Clashes in Northern Yemen between Salafists and Shias
Story Code : 118310
Al-Houthis fighters who have been long suspected of using Iran's help to smuggle weapons and finance their secessionist guerilla war against the Yemeni regime have used the popular uprising to resume their territorial ambitions in the country's northern territories.
So far confined in Sa'ada, a province lying on the Saudi southern borders, the rebels have now seized most of Hajjah and are continuing their advances towards the Red Sea hoping to get to the seaport of Midi for strategic reasons.
Although Midi cannot accommodate large cargo ships, it would nevertheless give the Shia rebels an undeniable opening towards Saudi Arabia's waters, and allow Iranian ships to unload, cash, men and weapons onto the mainland.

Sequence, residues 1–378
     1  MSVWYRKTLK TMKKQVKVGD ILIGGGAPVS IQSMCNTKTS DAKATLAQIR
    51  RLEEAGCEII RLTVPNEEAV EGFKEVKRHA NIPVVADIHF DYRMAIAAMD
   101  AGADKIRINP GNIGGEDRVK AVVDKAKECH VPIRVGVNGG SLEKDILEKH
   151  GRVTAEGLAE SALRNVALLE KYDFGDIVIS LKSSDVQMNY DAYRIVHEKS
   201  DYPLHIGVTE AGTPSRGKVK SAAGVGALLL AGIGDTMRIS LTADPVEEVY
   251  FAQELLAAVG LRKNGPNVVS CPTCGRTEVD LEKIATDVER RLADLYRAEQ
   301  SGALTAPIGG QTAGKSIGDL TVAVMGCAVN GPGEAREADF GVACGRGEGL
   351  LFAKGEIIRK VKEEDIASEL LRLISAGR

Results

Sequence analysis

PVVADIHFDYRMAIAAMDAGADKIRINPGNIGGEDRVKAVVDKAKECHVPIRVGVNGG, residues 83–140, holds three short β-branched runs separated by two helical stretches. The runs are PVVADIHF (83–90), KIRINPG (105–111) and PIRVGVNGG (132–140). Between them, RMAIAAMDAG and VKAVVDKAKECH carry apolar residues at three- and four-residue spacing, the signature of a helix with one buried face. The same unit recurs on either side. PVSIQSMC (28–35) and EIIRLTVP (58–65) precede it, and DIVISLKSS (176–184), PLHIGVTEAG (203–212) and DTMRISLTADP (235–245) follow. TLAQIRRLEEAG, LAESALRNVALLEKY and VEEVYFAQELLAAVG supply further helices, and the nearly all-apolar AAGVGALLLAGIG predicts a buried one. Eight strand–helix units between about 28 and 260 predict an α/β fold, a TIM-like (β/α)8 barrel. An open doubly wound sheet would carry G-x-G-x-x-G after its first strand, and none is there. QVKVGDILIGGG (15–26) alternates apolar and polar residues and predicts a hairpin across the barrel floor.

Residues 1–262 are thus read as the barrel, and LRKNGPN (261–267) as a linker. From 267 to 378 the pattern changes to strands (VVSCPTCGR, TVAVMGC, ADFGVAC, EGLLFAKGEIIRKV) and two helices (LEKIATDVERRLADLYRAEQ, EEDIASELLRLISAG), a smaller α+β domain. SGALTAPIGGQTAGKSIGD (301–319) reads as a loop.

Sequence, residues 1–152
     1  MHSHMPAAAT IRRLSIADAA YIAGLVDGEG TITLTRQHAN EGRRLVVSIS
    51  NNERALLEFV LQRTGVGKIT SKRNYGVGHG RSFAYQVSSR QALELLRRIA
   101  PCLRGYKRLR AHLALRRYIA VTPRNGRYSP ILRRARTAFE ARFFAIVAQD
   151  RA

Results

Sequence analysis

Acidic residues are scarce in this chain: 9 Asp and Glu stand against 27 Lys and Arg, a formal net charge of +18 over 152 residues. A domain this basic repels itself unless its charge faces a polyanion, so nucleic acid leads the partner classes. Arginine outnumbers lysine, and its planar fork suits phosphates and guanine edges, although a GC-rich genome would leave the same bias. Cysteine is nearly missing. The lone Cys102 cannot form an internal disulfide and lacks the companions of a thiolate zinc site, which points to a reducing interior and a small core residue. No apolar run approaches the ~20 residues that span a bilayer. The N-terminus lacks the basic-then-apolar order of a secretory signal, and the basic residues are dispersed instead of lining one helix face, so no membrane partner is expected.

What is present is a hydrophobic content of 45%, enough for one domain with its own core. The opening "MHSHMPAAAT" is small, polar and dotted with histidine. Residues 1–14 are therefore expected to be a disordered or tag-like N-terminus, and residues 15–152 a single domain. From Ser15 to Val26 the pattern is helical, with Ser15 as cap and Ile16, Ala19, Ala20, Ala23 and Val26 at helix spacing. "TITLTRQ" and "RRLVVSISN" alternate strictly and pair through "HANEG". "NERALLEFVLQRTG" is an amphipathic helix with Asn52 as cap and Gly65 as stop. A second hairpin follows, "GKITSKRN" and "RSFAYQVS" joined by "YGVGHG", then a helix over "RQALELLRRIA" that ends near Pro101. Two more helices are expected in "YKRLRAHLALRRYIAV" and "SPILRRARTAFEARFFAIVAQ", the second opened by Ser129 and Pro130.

Salafists who are also claiming control over Yemen Northern provinces have for the past couple of months regularly clashed with the Shia militias, claiming to act on self-defense.
The Salafists who believe to a return to a more traditional Islam are ideologically opposed to al-Houthis, believing that the latter's Islamic beliefs are biased and erroneous.
The sounds of arms are now being replaced by mortar shells as violence is rapidly escalating.
As a result 21 people were killed on Saturday, with residents reporting that the shelling is still on-going (Sunday afternoon). The situation in the north is getting very troublesome for Yemen soon to be new coalition government as it will have to not only rally the population to its cause but also stifle all secessionist sentiment in order to avoid a fragmentation of its territories into smaller states.